USRA Edmonton Banquet | Oct. 18, 2003 | Eugene Harasymiw
Introduction of Olya Odynsky

2003 TYC Banquet -- Introduction to Topic
"Revocation of Canadian Citizenship - A Perspective"

Our organization, Ukrainian Self-Reliance Association, Edmonton Branch, decided to invite this evening's guest speaker principally because the topic of her presentation is one of major importance and urgency to Canadians as a whole, and particularly those who are naturalized (i.e. non-Canadian born). The topic generally concerns citizenship -- one of the most valued concepts and elements of status that an individual can attain. More specifically, the topic will deal with how disturbingly easy it is for a Canadian citizen -- especially one of long standing and of impecable record -- to lose that citizenship as a result of a process about which many Canadians remain blissfully unaware.

I am speaking of denaturalization and deportation, ostensibly of those who are accused of acts of war criminality allegedly committed well over a half century ago in war-torn Europe. It is my submission that denaturalization and deportation, as an administrative process, has been subverted by forces within and beyond Canada whose political agenda has precious little to do with protecting citizenship, and less than nothing to do with the dispensing of justice. That agenda has been allowed to dictate who retains and who loses their fundamental right to Canadian citizenship, who is to be selectively chosen for prosecution and therefore public vilification, and who remains immune, yet whose conduct has hardly been exculpatory. Loss of citizenship, when coupled with its attendant measure -- removal from Canada -- brought about by means of the "d&d" process strikes at the heart of fundamental Canadian values. The result is twofold: debasement of our citizenship, and bringing of one aspect of the administration of justice into abject disrepute.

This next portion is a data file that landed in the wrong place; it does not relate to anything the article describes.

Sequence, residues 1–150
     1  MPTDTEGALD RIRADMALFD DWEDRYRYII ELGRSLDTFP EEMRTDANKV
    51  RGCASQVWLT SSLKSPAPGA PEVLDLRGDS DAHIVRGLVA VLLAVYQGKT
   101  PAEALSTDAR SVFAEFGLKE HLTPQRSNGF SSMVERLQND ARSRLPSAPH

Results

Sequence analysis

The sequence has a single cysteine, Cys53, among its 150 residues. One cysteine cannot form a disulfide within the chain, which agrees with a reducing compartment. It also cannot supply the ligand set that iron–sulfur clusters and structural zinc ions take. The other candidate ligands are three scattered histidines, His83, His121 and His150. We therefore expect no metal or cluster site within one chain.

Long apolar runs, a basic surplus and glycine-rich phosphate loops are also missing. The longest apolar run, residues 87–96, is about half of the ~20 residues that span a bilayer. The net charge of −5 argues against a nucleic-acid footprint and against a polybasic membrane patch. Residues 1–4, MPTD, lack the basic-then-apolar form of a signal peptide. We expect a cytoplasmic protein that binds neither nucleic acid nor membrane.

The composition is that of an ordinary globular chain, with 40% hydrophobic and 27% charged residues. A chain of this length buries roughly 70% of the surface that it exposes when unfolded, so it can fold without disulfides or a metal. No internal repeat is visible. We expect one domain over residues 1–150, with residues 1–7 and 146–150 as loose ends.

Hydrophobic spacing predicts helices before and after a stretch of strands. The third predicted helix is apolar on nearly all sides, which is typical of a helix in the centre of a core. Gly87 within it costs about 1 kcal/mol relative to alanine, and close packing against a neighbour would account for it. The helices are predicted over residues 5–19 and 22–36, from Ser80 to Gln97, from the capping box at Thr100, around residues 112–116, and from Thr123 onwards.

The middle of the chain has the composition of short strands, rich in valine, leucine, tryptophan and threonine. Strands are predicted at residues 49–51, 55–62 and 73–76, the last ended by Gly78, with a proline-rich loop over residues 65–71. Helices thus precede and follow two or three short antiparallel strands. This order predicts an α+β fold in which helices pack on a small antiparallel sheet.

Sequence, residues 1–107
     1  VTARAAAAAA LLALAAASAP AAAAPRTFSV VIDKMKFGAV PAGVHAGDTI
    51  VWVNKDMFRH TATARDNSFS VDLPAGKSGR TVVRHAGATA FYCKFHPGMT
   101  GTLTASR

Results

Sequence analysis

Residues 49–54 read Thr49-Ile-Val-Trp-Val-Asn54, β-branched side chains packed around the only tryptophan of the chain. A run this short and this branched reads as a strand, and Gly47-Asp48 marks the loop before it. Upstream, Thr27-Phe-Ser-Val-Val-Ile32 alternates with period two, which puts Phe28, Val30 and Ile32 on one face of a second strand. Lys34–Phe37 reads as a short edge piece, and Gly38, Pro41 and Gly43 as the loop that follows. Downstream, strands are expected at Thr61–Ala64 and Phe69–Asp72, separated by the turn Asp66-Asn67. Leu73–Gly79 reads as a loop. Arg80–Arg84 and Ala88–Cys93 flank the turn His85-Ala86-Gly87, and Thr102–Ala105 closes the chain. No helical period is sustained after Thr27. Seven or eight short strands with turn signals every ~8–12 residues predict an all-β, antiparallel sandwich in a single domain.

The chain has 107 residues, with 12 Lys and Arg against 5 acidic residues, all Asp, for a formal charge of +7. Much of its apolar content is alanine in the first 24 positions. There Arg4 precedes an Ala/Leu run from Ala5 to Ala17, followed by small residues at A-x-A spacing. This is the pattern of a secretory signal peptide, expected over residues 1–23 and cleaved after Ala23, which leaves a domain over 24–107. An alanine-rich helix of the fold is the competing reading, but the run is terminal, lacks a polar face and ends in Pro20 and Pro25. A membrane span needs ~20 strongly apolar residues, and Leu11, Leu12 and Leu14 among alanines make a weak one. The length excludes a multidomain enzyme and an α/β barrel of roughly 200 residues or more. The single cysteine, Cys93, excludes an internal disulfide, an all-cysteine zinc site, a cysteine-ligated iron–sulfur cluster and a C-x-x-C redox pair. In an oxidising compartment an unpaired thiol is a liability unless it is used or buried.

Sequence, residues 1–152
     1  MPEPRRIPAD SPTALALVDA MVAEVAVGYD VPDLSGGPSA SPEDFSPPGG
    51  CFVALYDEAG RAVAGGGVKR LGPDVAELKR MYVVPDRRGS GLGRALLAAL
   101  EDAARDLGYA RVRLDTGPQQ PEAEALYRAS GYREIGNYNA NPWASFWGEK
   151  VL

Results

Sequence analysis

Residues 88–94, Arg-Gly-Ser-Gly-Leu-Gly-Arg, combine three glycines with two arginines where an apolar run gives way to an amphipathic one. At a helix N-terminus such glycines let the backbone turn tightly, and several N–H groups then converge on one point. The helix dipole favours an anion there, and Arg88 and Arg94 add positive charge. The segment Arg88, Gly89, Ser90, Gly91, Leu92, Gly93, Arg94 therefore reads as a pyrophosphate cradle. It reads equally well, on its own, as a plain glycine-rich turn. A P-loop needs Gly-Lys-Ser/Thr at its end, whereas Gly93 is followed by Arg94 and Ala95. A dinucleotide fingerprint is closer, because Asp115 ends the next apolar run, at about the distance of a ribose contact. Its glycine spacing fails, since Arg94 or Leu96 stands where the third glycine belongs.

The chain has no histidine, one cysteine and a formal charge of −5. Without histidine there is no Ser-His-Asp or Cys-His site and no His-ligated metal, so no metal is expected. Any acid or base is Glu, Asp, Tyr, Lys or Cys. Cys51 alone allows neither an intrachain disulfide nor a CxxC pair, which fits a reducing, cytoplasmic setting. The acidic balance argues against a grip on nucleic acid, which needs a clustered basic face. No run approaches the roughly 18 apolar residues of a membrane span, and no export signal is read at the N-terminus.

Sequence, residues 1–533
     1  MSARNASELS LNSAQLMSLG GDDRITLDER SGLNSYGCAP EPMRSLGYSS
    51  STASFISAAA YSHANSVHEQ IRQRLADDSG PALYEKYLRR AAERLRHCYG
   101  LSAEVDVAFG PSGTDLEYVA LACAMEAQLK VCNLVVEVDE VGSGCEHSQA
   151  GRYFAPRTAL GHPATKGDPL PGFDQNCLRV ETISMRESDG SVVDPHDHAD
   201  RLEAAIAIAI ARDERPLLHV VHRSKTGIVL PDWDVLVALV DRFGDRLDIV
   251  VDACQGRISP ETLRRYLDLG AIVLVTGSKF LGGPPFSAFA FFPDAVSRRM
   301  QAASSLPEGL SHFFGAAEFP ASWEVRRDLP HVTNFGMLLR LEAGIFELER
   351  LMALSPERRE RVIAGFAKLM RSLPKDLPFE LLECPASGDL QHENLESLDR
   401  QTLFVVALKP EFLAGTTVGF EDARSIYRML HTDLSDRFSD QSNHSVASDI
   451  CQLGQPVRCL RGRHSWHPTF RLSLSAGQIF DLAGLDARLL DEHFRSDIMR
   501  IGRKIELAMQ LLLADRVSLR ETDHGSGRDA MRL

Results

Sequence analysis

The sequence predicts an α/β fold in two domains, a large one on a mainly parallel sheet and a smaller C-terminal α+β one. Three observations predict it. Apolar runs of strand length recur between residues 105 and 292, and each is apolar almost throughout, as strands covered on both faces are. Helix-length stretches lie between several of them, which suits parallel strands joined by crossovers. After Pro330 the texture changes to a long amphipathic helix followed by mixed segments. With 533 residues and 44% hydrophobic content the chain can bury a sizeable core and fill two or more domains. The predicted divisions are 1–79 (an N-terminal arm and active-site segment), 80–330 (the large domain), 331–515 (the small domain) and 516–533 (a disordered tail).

How does the process work? Based on information supplied from vengeful, murky and sometimes laughable sources, the RCMP begin an investigation into the circumstances of a person's entry into Canada after the Second World War. It is instructive to note that the Canadian government signed an agreement with the government of the former Soviet Union in the late 1980's whereby the Soviet state supplies "information" on individuals which the Canadian government then presents as "evidence" at d&d trials. As Canadians, we must ask (as our organization has done) why our government, in order ostensibly to prosecute war criminals, insists on enlisting the assistance of war criminals?

In any event, once a case has been prepared against an individual, they are served with a document called a Notice of Intention to Revoke Citizenship. This Notice alleges, more often than not, not that the individual committed crimes, but rather that they entered Canada by "false representation, fraud or knowingly concealing material circumstances".

After the superior resources of the state are pitted against the accused in what is obviously an uneven struggle at preparation, a trial ensues. The purpose of the trial is to determine whether the Judge will rule that the individual illegally gained entry into this country. If that is the finding of the Court, then the Minister of Citizenship and Immigration recommends to a Special Cabinet Committee that the individual be stripped of their citizenship and deported from Canada.